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  1. #1
    Join Date
    Jun 2001
    Posts
    37
    I have a 10 unit apartment building with hydro coil/air handlers in the crawl space. Crawl space has a height of about 4'. Is it possible to install hi efficiency furnaces down there? Any issues to be concerned with?

    Thanks,

    Chris

  2. #2
    Join Date
    Mar 2004
    Location
    Grottoes VA
    Posts
    5,856
    You can install a gas furnace in a crawl very easily, but why would you want to.


    The set-up you have now is a very good system, low maintence and good eff.

    What problems are you having?
    Karst means cave. So, I search for caves.

  3. #3
    Join Date
    Jun 2001
    Posts
    37

    re:

    While I agree the hydro air is a better set-up, my main goal is to move from one boiler to separate units for each apartment. Using furnaces instead of boilers would be much cheaper. Piping, and venting would also be less, and the existing air handlers are old and need to be replaced as well.....getting tired of the upkeep of the belt driven blowers, and hammock filters.

    Chris

  4. #4
    Join Date
    Apr 2003
    Location
    the Great Pacific Northwest
    Posts
    607
    Do they have their own hot water heaters or a common system. Venting 90+ should be easy and many can be mounted horizontal

  5. #5
    Join Date
    Jun 2001
    Posts
    37

    re:

    There is only one water heater, and common piping for the apartments.

    Chris

  6. #6
    gasman Guest
    is the awh big enough to supply all units? how old is the awh? yes, 90+ furnace would be ideal.

  7. #7
    Join Date
    Jun 2001
    Posts
    37

    Water heater recent

    The central water heater is plenty big (199k 100 gallon), and fairly recent. More to the point, why are you asking about the hot water? Seperate indirects would be too expensive by my estimation....tankless coil too troublesome?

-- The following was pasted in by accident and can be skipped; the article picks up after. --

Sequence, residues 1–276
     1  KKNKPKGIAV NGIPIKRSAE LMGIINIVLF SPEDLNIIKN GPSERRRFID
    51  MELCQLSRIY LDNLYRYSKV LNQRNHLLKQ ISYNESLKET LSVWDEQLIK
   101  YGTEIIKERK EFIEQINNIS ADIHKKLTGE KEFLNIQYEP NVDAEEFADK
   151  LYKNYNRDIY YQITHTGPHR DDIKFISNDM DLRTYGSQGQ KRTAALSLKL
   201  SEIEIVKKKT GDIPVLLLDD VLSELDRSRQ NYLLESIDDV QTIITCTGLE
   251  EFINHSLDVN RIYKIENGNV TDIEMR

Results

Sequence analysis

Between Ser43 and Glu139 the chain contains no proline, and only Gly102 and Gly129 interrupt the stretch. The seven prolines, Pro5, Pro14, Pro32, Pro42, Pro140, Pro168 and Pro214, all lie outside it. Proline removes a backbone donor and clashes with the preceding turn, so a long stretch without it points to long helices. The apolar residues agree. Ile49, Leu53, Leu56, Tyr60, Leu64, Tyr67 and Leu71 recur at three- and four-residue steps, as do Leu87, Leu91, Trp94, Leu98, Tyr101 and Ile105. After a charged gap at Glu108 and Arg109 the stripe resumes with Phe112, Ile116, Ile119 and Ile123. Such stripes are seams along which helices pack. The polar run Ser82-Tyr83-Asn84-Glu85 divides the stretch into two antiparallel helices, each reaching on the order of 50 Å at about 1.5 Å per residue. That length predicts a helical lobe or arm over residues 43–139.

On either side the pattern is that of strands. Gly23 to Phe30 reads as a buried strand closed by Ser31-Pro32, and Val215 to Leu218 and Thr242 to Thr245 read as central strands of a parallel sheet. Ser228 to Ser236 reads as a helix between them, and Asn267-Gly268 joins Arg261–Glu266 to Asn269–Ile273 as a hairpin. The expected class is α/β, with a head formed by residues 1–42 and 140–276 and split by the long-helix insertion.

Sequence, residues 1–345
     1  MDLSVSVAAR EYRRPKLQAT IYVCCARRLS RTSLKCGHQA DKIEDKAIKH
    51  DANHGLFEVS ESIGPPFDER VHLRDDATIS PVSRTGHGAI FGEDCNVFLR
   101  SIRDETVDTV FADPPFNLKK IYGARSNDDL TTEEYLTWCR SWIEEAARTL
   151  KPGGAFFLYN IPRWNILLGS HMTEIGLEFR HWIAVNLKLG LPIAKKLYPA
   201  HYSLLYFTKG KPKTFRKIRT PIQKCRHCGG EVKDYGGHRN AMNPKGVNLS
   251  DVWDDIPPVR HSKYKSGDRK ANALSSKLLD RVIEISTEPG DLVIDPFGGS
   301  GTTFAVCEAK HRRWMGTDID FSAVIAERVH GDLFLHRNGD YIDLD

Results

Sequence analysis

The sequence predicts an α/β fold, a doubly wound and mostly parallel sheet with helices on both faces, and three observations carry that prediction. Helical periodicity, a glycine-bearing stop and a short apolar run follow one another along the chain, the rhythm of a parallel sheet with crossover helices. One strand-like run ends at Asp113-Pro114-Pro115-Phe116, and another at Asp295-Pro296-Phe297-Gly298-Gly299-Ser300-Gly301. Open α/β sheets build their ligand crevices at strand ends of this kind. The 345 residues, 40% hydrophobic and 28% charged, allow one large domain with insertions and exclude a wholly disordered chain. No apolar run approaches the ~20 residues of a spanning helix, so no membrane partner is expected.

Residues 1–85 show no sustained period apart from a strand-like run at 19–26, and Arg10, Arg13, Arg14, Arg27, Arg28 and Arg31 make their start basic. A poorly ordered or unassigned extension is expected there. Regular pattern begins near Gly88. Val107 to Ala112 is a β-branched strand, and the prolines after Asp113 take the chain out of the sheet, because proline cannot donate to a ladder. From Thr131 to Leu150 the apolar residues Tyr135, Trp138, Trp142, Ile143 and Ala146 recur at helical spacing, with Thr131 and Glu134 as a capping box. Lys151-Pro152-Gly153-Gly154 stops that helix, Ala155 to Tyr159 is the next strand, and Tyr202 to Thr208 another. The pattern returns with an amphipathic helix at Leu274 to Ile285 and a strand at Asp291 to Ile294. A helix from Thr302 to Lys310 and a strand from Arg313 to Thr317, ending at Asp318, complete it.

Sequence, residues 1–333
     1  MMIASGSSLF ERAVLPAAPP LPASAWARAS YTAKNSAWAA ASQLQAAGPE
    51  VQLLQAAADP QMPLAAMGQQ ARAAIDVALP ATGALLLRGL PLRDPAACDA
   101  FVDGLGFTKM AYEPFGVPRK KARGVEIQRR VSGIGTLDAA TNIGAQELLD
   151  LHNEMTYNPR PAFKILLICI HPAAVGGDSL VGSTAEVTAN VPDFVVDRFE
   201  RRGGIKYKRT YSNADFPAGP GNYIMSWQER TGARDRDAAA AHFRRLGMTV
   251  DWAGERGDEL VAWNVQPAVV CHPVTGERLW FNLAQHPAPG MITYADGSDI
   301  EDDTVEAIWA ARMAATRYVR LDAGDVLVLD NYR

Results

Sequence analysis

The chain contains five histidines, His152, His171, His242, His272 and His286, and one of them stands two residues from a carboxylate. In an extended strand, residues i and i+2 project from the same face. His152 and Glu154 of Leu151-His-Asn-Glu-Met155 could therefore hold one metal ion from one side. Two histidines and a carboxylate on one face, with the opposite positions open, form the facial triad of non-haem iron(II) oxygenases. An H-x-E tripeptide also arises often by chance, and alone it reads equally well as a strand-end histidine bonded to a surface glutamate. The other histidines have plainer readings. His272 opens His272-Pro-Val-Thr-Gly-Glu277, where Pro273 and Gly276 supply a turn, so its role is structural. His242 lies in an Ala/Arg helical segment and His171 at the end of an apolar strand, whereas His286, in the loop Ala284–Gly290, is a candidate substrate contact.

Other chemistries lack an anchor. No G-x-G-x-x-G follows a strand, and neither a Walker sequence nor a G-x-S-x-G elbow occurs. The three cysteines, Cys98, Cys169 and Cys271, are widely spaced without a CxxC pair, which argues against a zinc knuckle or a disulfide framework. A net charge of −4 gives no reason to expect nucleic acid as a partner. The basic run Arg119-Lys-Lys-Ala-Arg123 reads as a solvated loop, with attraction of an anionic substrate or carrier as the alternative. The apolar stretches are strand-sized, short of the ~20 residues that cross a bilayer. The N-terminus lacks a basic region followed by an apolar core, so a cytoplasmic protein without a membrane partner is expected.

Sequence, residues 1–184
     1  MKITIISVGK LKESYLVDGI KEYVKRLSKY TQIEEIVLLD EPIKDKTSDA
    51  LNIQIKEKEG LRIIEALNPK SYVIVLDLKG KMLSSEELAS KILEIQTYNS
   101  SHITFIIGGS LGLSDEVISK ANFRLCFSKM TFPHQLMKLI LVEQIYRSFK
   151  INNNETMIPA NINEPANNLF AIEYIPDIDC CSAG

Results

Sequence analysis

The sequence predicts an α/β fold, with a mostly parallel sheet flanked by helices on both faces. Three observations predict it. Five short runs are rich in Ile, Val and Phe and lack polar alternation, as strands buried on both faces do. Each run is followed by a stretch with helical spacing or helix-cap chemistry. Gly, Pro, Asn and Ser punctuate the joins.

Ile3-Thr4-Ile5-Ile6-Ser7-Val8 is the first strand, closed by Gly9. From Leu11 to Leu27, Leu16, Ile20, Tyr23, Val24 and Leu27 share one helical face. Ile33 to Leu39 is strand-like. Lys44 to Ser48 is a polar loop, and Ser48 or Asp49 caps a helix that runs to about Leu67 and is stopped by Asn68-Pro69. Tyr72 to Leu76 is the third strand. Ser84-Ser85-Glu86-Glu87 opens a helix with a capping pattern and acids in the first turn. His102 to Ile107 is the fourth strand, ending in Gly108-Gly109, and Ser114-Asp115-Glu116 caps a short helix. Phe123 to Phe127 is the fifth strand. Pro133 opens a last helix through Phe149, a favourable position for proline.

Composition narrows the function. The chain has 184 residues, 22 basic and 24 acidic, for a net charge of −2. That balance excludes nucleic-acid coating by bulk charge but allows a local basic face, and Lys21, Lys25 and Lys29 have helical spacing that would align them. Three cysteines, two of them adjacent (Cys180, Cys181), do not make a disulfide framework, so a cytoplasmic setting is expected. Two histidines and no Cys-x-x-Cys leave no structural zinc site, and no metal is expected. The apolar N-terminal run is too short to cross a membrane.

Thanks,

    Chris

  8. #8
    Join Date
    Mar 2005
    Posts
    32
    Chris, You need to install heatpumps and use the hydro as backup. They use less energy and better on enviroment.

  9. #9
    gasman Guest
    I don't know what part of the U.S. you live in. if you have cold weather, your best bet is to install 90+. most brand are multi-positions. if your climate is not severe cold than you can go with heatpump.

  10. #10
    Join Date
    Oct 2002
    Location
    Mahopac NY
    Posts
    448
    [QUOTE]Originally posted by geoexchangeman
    Chris, You need to install heatpumps and use the hydro as backup. They use less energy and better on enviroment. [

    This depends on what part of the country you are in and what your electric rates are. It sure wouldn't be a good choice for my part of the northeast.
    Dogs truly are man's best friend!!

  11. #11
    Join Date
    Apr 2003
    Location
    the Great Pacific Northwest
    Posts
    607

    Re: Water heater recent

    Originally posted by cwlo
    The central water heater is plenty big (199k 100 gallon), and fairly recent. More to the point, why are you asking about the hot water? Seperate indirects would be too expensive by my estimation....tankless coil too troublesome?

    Thanks,

    Chris
    If they had teir own AWH I would have sugested new hydro heat units from their own water heaters. Maybe it would make sense to make that conversion as part of a mechanical system upgrade. You stated: "air handlers are old and need to be replaced as well.....getting tired of the upkeep of the belt driven blowers, and hammock filters." While hammock filters are a pain and belts do require some maintenance new 90+ or even 80+ units are much more complex and will require maintenance and parts are rather pricy when needed compared to what you are used to .

  12. #12
    Join Date
    Jun 2001
    Posts
    37

    re

    Thanks everyone. The idea of water heaters for heat sounds interesting, and simple...might be a good option. I'm in the midwest, so heatpumps are not a good option. The furnace approach has a benefit, in that it would allow upgrading to seperate ac units more easily, than just putting a coil in the existing ductwork/air handler. (current a/c is central chiller)

    Thanks,

    Chris

  13. #13
    Join Date
    Apr 2003
    Location
    the Great Pacific Northwest
    Posts
    607
    Chris are you the service tech for the owner, or the owner of the building?

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